For one month, 32 teams will play “the beautiful game” of soccer (or football) in South Africa. Televised across the globe, the matches will help Africa celebrate its steady progress as well as put a spotlight on its big challenges, from AIDS to graft.
Few in Africa can afford travel to the games or the $71 tickets (or buy one over the Internet with a credit card). As a result, only about 2 percent of Cup spectators are expected to be from other African nations.
Still, by simply watching this huge quadrennial event on television, young Africans may be inspired to master the sport, and then perhaps be hired abroad by a commercial team. The more Africans can connect to the rest of the world, the better.
They might also use this temporary focus on them to find more unity among themselves – just as hosting the Olympics often brings a country together. No African team is expected to advance far in the matches, but all Africans can take pride if the event goes well.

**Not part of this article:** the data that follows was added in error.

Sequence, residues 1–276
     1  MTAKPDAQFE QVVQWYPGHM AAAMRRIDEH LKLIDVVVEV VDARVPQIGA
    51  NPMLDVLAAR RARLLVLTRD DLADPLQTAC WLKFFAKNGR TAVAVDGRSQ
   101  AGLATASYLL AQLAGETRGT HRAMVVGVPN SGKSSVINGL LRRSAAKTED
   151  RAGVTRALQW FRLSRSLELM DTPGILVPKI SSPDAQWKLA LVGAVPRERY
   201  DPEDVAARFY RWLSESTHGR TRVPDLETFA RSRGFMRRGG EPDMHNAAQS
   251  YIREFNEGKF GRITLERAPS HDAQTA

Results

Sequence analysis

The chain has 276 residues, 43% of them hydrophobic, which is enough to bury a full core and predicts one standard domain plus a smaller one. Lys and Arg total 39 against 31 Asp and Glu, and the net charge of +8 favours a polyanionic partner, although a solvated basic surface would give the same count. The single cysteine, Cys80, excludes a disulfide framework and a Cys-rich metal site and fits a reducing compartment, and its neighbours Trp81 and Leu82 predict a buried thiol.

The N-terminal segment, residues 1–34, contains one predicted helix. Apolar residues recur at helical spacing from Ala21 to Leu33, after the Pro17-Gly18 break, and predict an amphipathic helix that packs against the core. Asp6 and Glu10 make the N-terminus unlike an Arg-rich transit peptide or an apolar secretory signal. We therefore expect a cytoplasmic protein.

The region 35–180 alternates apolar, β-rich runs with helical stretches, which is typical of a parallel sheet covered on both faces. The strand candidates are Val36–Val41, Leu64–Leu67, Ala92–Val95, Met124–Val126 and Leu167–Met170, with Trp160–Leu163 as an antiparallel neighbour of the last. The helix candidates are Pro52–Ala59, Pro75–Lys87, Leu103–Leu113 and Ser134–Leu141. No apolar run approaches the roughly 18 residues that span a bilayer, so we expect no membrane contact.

South Africa has spent $5 billion to make sure it does. It has built or refurbished stadiums and upgraded airports and roads.
And by hosting the Cup 16 years after the end of white rule, South Africa also wants to use the event to further unite the races in this “rainbow nation.” The timing for holding the Cup in Africa is appropriate. This year marks the 50th anniversary of independence for 17 of the continent’s 53 nations. Just as soccer has become more global, so too has Africa.
Perhaps within the next 50 years, African teams can be winning this most coveted of sports trophies.